Renewable energy advocates in Nevada are outraged by the state's solar-killing moves and they're not going down without a fight.
The state's Public Utilities Commission (PUC) considered requests Wednesday from solar company groups, homeowners, activists and the state consumer advocate to put a stay on a rate hike that took effect Jan. 1.
The Republican-appointed commission in late December voted to increase a fixed monthly fee for solar customers by about 40 percent while simultaneously reducing the amount customers get paid for excess power they sell to the grid. It also made these changes retroactive—a move one solar executive said would "sabotage" consumers' investments.
Clean energy advocates swiftly decried the changes, which have left the state's solar sector "in turmoil."
Lyndon Rive, CEO of SolarCity, said the move would "destroy the rooftop solar industry in one of the states with the most sunshine."
In fact, he added, "the one benefactor of this decision would be NV Energy, whose monopoly will have been protected. The people will have lost choice, jobs and faith in their government."
The PUC's decision "forces Sunrun to displace our Nevada employees, inflicting enormous pain on hard-working Nevada families," Bryan Miller, the company's senior vice president of public policy and power markets, said.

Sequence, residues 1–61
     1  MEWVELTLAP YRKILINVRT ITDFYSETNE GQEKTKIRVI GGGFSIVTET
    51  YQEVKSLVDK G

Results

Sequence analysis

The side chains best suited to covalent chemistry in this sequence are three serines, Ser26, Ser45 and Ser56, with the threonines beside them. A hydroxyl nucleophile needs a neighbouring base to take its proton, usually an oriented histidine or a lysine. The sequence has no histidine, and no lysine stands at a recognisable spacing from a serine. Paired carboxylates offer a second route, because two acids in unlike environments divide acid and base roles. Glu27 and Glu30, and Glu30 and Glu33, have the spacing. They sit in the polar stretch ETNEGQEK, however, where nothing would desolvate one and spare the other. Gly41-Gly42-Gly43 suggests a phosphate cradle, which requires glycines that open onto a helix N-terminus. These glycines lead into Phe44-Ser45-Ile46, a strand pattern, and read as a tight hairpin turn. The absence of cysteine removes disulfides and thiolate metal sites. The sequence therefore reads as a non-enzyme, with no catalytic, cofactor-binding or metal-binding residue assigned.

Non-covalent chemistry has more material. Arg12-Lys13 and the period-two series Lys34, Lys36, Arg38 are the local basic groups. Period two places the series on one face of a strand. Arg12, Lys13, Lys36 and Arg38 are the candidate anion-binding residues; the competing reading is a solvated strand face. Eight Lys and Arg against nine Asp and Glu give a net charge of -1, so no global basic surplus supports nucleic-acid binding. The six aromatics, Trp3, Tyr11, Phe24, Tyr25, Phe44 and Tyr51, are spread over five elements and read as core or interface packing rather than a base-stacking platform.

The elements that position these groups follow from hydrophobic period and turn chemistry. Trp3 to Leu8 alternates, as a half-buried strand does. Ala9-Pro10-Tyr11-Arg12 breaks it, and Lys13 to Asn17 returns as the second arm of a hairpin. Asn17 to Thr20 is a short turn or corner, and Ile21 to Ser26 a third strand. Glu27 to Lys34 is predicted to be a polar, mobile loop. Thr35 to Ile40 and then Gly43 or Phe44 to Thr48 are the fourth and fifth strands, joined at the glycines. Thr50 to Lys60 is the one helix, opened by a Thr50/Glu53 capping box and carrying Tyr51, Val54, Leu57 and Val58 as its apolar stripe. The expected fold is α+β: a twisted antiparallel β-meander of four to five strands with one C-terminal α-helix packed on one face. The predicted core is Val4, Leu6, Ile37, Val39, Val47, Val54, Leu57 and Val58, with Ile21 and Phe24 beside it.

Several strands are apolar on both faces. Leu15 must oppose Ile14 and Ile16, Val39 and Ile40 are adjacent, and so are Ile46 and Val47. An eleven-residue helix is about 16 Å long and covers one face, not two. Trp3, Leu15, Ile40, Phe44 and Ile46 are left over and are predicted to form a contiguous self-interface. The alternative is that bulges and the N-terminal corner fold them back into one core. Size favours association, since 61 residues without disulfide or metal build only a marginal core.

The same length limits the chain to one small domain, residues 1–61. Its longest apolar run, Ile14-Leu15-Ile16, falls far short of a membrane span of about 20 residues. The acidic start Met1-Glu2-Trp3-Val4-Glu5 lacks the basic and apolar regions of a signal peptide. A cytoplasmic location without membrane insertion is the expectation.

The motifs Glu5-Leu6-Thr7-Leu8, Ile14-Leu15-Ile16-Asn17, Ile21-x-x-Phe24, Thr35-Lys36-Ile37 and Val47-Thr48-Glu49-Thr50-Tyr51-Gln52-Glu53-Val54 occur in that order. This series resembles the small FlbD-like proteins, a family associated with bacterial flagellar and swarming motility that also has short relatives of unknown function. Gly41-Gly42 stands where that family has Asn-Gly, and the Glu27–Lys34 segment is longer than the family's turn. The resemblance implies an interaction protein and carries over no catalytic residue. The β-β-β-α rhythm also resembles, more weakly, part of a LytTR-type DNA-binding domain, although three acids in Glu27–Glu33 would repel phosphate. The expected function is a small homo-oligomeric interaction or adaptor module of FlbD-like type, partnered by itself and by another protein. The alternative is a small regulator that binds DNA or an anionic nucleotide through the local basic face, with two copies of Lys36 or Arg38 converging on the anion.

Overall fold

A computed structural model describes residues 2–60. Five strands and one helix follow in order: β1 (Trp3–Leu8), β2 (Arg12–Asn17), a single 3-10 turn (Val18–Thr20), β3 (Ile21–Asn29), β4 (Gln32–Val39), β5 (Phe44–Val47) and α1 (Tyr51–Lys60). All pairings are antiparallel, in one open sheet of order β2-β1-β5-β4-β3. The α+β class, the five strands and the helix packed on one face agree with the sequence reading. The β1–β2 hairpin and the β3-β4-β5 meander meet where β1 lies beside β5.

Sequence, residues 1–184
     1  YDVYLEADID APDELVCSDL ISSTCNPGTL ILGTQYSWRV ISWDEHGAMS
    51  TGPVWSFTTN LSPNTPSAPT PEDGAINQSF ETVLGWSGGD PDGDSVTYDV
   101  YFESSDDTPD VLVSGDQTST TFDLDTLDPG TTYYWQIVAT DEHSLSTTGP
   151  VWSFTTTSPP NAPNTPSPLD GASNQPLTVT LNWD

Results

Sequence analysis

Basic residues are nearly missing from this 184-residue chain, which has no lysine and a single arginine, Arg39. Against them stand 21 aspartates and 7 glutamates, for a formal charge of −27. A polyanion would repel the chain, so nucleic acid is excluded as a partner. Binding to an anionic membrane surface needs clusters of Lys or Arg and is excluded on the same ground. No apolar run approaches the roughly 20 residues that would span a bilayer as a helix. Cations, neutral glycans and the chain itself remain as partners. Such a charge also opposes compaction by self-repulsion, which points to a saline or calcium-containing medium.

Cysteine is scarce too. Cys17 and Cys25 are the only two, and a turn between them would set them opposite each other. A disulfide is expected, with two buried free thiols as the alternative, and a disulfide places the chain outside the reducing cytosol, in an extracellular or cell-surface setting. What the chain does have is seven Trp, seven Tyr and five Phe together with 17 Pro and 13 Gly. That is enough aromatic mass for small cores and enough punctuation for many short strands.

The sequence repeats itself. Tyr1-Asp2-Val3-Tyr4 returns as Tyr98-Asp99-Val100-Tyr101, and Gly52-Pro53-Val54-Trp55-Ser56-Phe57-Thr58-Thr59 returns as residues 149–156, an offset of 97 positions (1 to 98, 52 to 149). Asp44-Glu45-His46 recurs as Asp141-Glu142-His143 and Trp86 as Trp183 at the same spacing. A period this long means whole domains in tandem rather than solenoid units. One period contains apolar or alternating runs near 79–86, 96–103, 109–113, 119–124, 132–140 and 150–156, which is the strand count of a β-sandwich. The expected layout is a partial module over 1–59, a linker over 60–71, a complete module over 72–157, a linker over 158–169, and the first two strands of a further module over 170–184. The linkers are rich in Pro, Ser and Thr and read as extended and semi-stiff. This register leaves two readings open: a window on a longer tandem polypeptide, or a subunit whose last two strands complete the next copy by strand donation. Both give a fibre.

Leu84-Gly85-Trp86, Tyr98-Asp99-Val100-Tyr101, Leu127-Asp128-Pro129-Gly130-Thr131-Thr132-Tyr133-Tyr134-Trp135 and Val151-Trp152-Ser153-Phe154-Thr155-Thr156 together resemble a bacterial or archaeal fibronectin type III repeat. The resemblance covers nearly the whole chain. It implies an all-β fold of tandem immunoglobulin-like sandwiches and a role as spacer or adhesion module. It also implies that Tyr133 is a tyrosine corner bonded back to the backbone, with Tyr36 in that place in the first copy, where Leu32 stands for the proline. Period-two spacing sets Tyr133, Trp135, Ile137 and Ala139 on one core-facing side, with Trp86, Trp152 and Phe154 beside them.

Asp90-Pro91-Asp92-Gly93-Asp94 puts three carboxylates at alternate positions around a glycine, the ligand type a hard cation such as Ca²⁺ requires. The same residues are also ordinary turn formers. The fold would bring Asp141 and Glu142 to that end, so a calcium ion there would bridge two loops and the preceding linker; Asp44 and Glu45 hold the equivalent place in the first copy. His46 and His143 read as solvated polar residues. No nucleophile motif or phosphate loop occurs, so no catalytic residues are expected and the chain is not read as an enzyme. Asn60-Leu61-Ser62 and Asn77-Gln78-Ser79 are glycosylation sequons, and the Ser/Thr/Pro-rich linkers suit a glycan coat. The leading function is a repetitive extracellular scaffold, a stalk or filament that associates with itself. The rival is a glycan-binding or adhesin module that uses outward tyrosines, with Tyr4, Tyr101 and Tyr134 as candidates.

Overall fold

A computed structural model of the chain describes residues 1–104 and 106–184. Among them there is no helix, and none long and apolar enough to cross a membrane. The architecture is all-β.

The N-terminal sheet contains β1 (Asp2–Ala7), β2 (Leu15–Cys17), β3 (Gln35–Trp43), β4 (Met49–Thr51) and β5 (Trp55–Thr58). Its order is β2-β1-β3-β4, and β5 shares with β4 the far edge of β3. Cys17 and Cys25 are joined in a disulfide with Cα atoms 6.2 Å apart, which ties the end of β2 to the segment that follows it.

"Nevada passed incentives to attract residents to go solar. But after baiting homeowners with incentives, the state switched the rules, penalizing solar homeowners to deliver additional profit to NV Energy. This bait and switch hurts Nevada families, many of whom are retirees on fixed incomes and who use solar savings to meet their monthly budgets."
Renewable energy advocate Judy Treichel, who serves as executive director of the Nevada Nuclear Waste Task Force, belongs to one of those families.
Don't block the sun. @nevada_puc @BrianSandoval #WeAreSolar https://t.co/g3NSEt5dIT— LVTV.com (@LVTV.com)1452711644.0